Easter and Jewish theology
A few years ago some US evangelical leaders set out a 'statement' which in my view overstated their case in two core areas.
The 'statement' was sponsored by the World Evangelical Alliance (WEA) and affirmed by 'dozens of prominent evangelicals' as published in Christian Today http://www.christiantoday.com/ and subsequently detailed in the New York Times and comment given in Assist News http://www.assistnews.net/.
In short, it states that Jewish people need the Gospel and Jesus Christ to receive eternal life. Although it expresses friendship and love for the Jewish people, it unapologetically declares that salvation comes only through Jesus Christ.
It reads in part: “We want to make it clear that, as evangelical Christians, we do not wish to offend our Jewish friends; but we are compelled by our faith and commitment to the Scriptures to stand by these principles. Salvation is only found in Jesus, the Messiah of Israel and Savior of the World.”
Some of the key declarations made by the statement include a stand against injustices against the Jewish people, that only through Jesus that all people can receive eternal life (Acts chapter 4 verse 12), it is deceptive for followers of Jesus Christ who were born Jewish to continue to identify as Jews (Romans chapter 11 verse 11), and that increasingly, Jewish evangelism is being marginalised and even dismissed as irrelevant, inappropriate, unethical or deceptive by some segments of the church.
Since then similar ideas have been published – in my view they fail in that, firstly, without realising it, it purports 'Replacement Theology' which is a popular term for the notion that God's promises to the heirs of Abraham, Isaac, and Jacob were conditional and therefore abrogated by Israel's disobedience. According to this theology, the Church stepped in as the true "Israel of God" and possessed the spiritualised, redefined covenants of promise.
Replacement Theology historically leads directly to anti-semitism and, this was the prime factor in the numerous pogroms over the past 2000 years leading eventually to the holocaust, all by well-meaning, good Christian people. The Australian government has not been blameless as, in the late 1930's, they refused entry to Jewish refugees from Germany, however in the post war era welcomed many holocaust survivors.
Second, such ideas carries with it a Scriptural bias. The 'statement' (and similar since) says nothing about the Jewish people retaining a special place in the economy of God. This is supported by numerous biblical announcements on this subject, two of which are: Psalm 105 'He remembers His covenant forever'; and Romans 11 'They are loved on account of the patriarchs, for God’s gifts and His call are irrevocable’.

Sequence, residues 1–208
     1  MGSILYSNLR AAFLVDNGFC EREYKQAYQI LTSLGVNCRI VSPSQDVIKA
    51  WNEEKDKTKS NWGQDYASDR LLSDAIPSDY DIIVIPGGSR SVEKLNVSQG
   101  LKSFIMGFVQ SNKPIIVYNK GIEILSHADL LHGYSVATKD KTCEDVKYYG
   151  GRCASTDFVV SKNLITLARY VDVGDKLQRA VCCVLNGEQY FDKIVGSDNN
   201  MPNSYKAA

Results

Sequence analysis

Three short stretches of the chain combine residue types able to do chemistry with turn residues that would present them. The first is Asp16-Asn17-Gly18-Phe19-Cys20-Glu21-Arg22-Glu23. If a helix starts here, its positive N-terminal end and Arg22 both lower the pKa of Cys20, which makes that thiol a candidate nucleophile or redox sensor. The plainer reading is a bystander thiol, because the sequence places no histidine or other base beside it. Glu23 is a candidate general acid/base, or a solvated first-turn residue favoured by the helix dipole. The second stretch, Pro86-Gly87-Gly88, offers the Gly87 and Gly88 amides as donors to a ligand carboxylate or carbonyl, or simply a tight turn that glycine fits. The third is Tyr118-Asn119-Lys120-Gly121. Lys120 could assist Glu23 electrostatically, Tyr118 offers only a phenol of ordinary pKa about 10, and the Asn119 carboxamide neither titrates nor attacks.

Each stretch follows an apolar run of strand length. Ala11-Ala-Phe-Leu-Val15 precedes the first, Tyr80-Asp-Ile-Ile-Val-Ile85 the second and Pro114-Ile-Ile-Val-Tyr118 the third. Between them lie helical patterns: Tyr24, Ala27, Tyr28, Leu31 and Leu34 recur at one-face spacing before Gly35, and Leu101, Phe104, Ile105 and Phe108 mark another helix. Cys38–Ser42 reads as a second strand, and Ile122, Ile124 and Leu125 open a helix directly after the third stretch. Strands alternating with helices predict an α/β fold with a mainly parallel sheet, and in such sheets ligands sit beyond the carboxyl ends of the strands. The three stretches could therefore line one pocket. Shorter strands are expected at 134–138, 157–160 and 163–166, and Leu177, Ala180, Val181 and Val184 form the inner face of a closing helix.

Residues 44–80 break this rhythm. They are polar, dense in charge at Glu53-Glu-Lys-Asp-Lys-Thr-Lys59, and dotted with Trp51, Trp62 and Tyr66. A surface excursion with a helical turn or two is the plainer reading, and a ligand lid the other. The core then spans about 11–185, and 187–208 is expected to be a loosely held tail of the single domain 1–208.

God’s covenant with Abraham, is just as unconditional and everlasting as His covenant with the Church as is stated in Titus 3 The Lord 'saved us, not because of righteous things we had done, but because of His mercy.'
God’s covenants with Israel and with the Church are based on His promise, not our performance.
The Old Testament Israel and the New Testament Church both stood, and still stand, by His Grace. Further, I also caution that a fundamental tenet of the Koran is that both Israel and the Church failed. Muslims hold they have “replaced” both the Jewish faith and the Christian Church.
The logical conclusion of Replacement Theology, is that if God could replace Israel, in spite of His unconditional, everlasting promises, then He could replace the Church!
The 'statement' and its inherent support of Replacement Theology is insensitive and theologically misdirected. Had they forgotten that Jesus himself was a Jew and moreover Simeon the Jew of this new born Messiah, Luke chapter 2 verse 32 'A light to lighten the Gentiles, and the glory of thy people Israel'. There is a theological Jewish messianic movement that interprets this in direct antithesis to the 'statement' (and like kind).
“Replacement Theology along with a weak view of the authority of Scripture, leads directly to the possibility that the Koran is right. Where are these people coming from?”
Are these same Evangelical leaders issuing similar statements on Islam, Hinduism, Buddhism, the Baha'i, Jehovah Witnesses, Mormons ...... Why only the Jews?
Dr Mark Tronson is a Baptist minister (retired) who served as the Australian cricket team chaplain for 17 years (2000 ret) and established Life After Cricket in 2001. He was recognised by the Olympic Ministry Medal in 2009 presented by Carl Lewis Olympian of the Century. He mentors young writers and has written 24 books, and enjoys writing. He is married to Delma, with four adult children and grand-children. Dr Tronson writes a daily article for Christian Today Australia (since 2008) and in November 2016 established Christian Today New Zealand.
Mark Tronson's archive of articles can be viewed at http://www.pressserviceinternational.org/mark-tronson.html